Carbohydrates, protein, fat: everything you need to know about micronutrients

Carbohydrates, protein, fat: everything you need to know about micronutrients

Macronutrients include carbohydrates, protein and fat. The nutrients in food provide energy for our body and ensure the normal operation of its important functions. This is all the information you need to know.

1.Carbohydrates

Carbohydrates are the main source of energy for all physical activities in the brain and diet. Monosaccharides (simple carbohydrates) are the basis of carbohydrates. Carbohydrates are classified according to chain length as follows:

  • Monosaccharides: glucose (glucose), fructose (fruit sugar) and galactose (milk sugar)
  • Disaccharides: sucrose (industrial sugar), lactose
  • Oligosaccharides: raffinose
  • Polysaccharides, also known as complex carbohydrates: amylopectin (plant starch), glycogen (animal starch), inulin

Carbohydrates are stored in the body in two ways: in the form of glycogen in the liver (⅓) and muscle (⅔). The body consumes these glycogens during exercise and then supplements a carbohydrate-rich diet.

According to the Institute of Nutrition and Nutrition, carbohydrates should meet at least 50% of an adult’s daily energy needs. It is also recommended that you recommend complex carbohydrates. Unlike simple carbohydrates, it does not cause glucose spikes, makes you fuller, more mineral, contains fiber, helps healthy intestinal flora and lowers cholesterol levels.

Complex carbohydrates can be found in the following foods:

  • Fruit tray
  • vegetables
  • beans
  • Grains and seeds
  • sweet potato)
  • Whole grain products
  • Ordinary rice

Discover simple carbohydrates:

  • sugar
  • Products made from bleached or refined flour
  • Confectionery
  • Sugar soft drinks and juices

When discussing carbohydrates, don’t forget to mention probiotics and probiotics. Regular use contributes to the health of the intestinal flora.

2. Protein

Proteins are assembled from amino acids linked together by chains. There are 20 different amino acids in our body. Protein has many functions in the body. Amino acids are divided into three categories: essential amino acids (our body cannot produce amino acids alone, so they must be provided through diet), conditional essential amino acids and non-essential amino acids.

Proteins show the effects of hormones, enzymes and antibodies in the immune system and protect us from infections. They also appear in certain structures of the human body (connective tissue, skin, hair and muscle fibers).

About 60% of the protein in our body is stored in muscles. But these reserves are not used as direct energy, but as the foundation of the human body.

It is generally recommended to consume 1 gram of protein per kilogram of body weight per day. However, if the goal is to increase muscle mass, you can increase the amount (between 1.2 and 1.8 grams per kilogram of body weight). Are you a strong runner? Therefore, be sure to consider eating protein and carbohydrates (ratio 1:3) after exercising. Why does your body release insulin after ingesting carbohydrates? Carbohydrates can promote anabolic effects and stimulate muscle growth.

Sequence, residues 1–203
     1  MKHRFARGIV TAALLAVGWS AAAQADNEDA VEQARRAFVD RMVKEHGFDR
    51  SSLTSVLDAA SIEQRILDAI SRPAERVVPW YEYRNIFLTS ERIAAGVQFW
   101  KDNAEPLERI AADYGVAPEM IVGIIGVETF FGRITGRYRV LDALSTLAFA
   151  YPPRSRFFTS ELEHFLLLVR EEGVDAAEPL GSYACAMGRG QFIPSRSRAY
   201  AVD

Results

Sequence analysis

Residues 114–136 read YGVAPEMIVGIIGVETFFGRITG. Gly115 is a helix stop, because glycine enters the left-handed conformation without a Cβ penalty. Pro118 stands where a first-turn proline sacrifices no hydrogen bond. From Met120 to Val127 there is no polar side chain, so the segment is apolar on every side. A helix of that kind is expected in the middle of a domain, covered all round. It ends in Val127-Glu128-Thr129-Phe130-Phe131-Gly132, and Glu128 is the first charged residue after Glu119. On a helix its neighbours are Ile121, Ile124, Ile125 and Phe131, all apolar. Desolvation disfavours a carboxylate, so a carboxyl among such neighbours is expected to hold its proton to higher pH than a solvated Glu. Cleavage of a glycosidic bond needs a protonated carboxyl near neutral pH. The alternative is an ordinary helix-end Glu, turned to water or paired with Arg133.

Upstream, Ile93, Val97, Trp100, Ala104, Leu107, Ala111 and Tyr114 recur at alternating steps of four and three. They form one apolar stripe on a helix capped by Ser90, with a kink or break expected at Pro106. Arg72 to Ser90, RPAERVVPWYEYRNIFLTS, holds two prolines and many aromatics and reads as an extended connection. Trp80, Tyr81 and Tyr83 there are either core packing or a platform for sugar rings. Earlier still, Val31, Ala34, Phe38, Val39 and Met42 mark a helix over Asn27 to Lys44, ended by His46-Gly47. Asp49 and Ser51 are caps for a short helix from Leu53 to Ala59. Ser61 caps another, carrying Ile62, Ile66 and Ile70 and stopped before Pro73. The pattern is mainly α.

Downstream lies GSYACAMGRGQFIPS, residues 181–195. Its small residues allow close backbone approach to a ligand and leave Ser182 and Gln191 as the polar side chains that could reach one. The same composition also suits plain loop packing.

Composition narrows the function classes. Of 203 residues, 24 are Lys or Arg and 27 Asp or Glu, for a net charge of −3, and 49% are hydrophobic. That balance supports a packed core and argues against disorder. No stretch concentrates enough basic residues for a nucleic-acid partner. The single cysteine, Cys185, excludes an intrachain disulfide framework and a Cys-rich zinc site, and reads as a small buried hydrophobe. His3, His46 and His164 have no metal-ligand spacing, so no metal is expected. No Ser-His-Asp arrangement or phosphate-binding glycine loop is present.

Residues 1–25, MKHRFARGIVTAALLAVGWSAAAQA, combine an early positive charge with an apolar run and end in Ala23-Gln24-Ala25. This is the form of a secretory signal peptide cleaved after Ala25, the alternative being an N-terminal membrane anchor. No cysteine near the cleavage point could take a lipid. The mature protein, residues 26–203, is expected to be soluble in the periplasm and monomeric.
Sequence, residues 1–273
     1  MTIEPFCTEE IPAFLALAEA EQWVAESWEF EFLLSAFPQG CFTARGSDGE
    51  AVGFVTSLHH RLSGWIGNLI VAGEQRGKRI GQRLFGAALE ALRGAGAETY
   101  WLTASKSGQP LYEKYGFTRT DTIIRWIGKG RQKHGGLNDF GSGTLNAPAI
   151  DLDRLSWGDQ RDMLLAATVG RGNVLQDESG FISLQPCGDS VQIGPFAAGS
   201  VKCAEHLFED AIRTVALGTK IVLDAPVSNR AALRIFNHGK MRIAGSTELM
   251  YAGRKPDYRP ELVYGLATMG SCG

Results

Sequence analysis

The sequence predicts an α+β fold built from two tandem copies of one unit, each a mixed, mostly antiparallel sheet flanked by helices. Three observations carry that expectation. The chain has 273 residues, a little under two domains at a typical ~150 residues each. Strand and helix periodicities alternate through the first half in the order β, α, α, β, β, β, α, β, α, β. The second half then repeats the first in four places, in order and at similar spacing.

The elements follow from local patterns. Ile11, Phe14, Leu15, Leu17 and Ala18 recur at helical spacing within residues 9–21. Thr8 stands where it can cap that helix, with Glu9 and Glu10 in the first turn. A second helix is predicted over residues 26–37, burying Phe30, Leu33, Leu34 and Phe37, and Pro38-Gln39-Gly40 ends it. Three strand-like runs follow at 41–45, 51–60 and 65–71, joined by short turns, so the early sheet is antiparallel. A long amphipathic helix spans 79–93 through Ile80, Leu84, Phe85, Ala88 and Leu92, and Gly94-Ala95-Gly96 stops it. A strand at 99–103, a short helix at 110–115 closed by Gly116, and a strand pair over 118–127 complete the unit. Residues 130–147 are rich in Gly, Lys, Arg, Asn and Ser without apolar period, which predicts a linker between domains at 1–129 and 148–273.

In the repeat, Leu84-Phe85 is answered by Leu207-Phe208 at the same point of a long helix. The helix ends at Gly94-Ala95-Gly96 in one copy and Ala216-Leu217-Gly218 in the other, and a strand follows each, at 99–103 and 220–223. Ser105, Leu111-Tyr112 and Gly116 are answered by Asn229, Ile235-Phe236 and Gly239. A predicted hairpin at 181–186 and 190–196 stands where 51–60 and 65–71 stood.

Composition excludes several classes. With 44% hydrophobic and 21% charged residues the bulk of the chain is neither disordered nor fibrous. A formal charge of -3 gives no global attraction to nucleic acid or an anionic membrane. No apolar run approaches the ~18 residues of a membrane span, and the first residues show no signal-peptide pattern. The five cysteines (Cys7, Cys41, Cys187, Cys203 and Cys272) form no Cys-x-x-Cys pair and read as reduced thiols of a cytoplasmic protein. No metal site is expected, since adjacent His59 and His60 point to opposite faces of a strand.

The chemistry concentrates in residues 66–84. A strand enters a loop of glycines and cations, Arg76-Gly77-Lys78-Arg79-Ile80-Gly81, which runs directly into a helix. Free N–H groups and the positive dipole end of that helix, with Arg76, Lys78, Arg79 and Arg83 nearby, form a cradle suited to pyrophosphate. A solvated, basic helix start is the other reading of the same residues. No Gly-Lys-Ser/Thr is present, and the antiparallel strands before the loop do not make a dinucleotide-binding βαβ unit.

These foods are high in protein:

  • meat
  • Fish and seafood
  • Milk and dairy products
  • egg
  • beans
  • Cereal products
  • Nuts
  • I am a product

In addition, make sure to combine certain foods to increase the biological value of the meal.

3. LIPIDIT

Lipid is an important taste. They appear in our diet in solid form (such as butter, coconut fat) or liquid form (vegetable oil). Fatty acids are classified as follows:

Omega-3 and Omega-6 are also part of essential polyunsaturated fatty acids, so they must be obtained through diet. They are found in cold water fish (salmon, herring, mackerel), safflower oil, linseed oil and walnuts. The ratio of Omega 3 / Omega 6 should be approximately 1:5.

Unsaturated fatty acids are essential for regulating metabolism and promoting the elasticity of cell membranes. They also improve blood circulation and are important for cell growth and regeneration.

In addition to valuable fatty acids, lipids also help absorb vitamins A, D, E, and K (called fat-soluble). Animal fat also contains cholesterol, which is synthesized by exposure to sunlight and can transport vitamin D to the skin.

Cholesterol is also involved in the production of hormones. But beware: it is still not recommended to eat cholesterol-containing foods to avoid cardiovascular disease.

The proportion of fat in our diet should be between 30-35%, unsaturated fat between 20-25%, and saturated fat below 10%.

Conclusion: These three macro elements are absolutely essential for health and certain functions of the body. A balanced diet can provide your body with everything it needs for 100% exercise.

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